23961_000_030A true storyIf ye shall ask with a sincere heart, with real intent, having faith in Christ, he will manifest the truth of it unto you, by the power of the Holy Ghost (Moro. 10:4).
While he was President of the Church, Heber J. Grant had a chance to meet many important people in the business world. Mr. Fred W. Shibley, an officer of the Bankers Trust Company of New York, was one of them.
In 1934, President Grant met with Mr. Shibley in Chicago, Illinois, to discuss business. After the meeting, President Grant took the opportunity to be a missionary and gave Mr. Shibley two pamphlets about the Church. One of them was Joseph Smith Tells His Own Story. As both men were to travel on trains to New York City—Mr. Shibley on a fast train and President Grant on a slow one—President Grant asked Mr. Shibley to read the pamphlets while he was on the train. Mr. Shibley promised that he’d take the time to read them.
Later, when he arrived in New York City, President Grant called on Mr. Shibley. He asked him what he thought about the pamphlets, especially Joseph Smith’s story.
Mr. Shibley said:
“‘By every rule of my life to arrive at the truth, I have to acknowledge this story of Joseph Smith as true. … No liar ever did write or could write such a story as the story told by Joseph Smith. … A liar would never think, in describing an angel, to say his feet did not quite touch the floor. It would not enter his head. Nor to say that he had on a loose robe that he could see into his breast. No liar ever deals in details, and this story deals in nothing but details—the hour, the place, the circumstances, the spot, the people—everything. Liars would not dare tell a story like that. They could not do it.’
“He said, ‘Of course, you know it is generally conceded that liars ought to have good memories and they are always deficient in that particular. Liars in business never give you a detailed statement. They just give you a lot of high points. …
“‘This man had the visions he claims to have had. I do not expect to join your Church, but that story, by every rule of my life, is the truth. … I say that no honest man who believes in the Bible can get away from the proofs this man has given, with scriptural references, to sustain your doctrine.’” (Joseph Anderson, Prophets I Have Known, 45–46.)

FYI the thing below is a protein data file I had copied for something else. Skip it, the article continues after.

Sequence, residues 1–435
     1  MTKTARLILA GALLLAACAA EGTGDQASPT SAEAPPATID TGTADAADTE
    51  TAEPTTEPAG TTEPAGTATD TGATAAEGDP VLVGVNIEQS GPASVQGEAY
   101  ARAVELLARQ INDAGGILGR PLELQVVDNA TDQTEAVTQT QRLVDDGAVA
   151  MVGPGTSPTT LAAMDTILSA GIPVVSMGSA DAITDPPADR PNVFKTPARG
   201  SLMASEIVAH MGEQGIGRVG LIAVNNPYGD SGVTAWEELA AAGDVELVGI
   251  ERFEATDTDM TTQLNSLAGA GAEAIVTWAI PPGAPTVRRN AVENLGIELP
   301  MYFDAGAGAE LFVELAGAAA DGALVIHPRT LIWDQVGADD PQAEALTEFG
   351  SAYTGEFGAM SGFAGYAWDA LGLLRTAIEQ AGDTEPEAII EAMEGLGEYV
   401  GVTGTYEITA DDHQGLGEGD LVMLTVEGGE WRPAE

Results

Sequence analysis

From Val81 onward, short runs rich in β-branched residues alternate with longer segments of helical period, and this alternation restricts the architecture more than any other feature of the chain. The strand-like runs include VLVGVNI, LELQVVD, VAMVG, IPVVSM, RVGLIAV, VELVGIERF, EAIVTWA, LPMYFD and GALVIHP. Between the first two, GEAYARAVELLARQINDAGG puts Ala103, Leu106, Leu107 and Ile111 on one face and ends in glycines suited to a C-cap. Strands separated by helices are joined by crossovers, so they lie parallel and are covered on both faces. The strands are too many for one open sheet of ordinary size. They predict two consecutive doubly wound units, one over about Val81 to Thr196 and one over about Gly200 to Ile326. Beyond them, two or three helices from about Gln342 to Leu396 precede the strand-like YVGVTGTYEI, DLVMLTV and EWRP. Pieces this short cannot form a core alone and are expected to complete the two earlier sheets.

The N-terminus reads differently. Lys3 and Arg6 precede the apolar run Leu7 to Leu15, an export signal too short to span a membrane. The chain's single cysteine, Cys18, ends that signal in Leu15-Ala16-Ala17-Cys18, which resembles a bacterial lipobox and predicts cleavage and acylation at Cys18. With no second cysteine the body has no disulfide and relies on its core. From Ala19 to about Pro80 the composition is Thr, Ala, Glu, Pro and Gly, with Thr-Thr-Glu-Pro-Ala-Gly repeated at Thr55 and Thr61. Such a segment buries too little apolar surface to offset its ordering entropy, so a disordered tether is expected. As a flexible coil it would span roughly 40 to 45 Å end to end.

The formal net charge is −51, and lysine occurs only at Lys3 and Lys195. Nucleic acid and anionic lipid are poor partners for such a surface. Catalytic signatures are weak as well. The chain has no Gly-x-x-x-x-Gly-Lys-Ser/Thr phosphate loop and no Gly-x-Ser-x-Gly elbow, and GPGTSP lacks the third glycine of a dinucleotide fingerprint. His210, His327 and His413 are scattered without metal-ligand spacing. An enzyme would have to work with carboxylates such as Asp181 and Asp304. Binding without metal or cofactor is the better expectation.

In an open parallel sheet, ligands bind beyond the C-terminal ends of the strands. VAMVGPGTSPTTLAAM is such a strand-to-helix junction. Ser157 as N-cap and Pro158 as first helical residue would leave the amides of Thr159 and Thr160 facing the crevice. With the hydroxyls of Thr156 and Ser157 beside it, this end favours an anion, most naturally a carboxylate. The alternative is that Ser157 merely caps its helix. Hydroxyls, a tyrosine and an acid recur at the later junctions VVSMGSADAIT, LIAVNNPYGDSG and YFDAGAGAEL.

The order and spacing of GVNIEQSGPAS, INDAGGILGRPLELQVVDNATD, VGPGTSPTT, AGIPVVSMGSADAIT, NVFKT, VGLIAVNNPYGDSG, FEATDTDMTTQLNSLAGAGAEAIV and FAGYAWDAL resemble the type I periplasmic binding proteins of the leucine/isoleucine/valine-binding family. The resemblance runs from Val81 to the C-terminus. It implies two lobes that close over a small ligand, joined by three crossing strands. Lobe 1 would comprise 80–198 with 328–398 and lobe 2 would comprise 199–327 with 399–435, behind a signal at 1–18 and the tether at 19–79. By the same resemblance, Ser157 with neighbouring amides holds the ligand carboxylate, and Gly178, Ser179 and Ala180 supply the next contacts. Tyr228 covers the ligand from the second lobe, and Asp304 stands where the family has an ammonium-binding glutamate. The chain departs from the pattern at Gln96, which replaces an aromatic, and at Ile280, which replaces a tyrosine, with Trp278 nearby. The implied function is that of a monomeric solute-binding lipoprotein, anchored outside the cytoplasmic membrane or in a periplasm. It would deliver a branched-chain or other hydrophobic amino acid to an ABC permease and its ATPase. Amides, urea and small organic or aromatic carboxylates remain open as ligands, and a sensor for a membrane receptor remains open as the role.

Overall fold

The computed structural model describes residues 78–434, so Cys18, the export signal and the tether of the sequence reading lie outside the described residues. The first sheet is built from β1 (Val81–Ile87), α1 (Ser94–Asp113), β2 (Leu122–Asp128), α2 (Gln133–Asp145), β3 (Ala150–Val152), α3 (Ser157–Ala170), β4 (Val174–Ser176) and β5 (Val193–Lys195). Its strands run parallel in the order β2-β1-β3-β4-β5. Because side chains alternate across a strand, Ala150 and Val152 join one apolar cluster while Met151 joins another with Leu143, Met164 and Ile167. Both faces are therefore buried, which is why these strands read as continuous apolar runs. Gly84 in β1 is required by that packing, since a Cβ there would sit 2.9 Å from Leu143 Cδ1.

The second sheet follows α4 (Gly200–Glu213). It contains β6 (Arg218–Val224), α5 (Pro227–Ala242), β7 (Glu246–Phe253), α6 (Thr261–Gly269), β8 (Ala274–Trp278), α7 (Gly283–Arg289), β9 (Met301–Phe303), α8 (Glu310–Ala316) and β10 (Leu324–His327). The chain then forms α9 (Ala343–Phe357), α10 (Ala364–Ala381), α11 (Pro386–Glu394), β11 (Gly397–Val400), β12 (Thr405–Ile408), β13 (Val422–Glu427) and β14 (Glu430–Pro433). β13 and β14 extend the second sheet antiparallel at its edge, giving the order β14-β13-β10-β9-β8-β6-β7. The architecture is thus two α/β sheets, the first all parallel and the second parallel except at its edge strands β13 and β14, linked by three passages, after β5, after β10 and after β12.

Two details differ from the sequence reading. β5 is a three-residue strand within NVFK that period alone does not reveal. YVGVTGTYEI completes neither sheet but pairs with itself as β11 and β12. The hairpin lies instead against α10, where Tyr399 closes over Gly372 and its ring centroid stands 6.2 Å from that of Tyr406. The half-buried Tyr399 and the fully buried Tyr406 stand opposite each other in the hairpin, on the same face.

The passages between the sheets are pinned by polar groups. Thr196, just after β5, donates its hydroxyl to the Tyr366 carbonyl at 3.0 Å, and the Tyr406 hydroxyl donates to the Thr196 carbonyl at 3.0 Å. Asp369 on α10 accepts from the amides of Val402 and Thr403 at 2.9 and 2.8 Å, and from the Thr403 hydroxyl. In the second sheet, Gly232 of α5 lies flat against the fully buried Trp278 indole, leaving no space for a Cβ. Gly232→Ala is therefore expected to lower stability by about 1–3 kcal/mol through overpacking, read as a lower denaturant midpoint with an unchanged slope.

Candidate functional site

This man received a testimony of Joseph Smith’s vision by logic. He could tell that it was a true story just by what Joseph said. Liars usually don’t give details. Liars tell a brief story and sometimes change what they say. Joseph Smith never changed his testimony. He stood by his story of the First Vision and gave his life for it.
Why didn’t Mr. Shibley join the Church? The Holy Ghost converts people to the gospel. Just plain reason does not touch a person the way the Spirit does. Remember Moroni’s promise: “If ye shall ask with a sincere heart, with real intent, having faith in Christ, he will manifest the truth of it unto you, by the power of the Holy Ghost” (Moro. 10:4). Moroni was talking about the Book of Mormon, but it works for all truth.
Mr. Shibley admitted that he did not believe in Jesus Christ or Heavenly Father. He did not pray to know if Joseph Smith was a true prophet. His mind told him that Joseph Smith told the truth, but to be really converted to the truths of the gospel, he needed to ask Heavenly Father.
That is the blessing that is given to all of us. We can ask Heavenly Father in the name of His Son, in prayer, if things are true. Did Joseph really see the Father? Is the Book of Mormon true? Is President Hinckley really a prophet? Yes, and everyone can know, just as Moroni promised.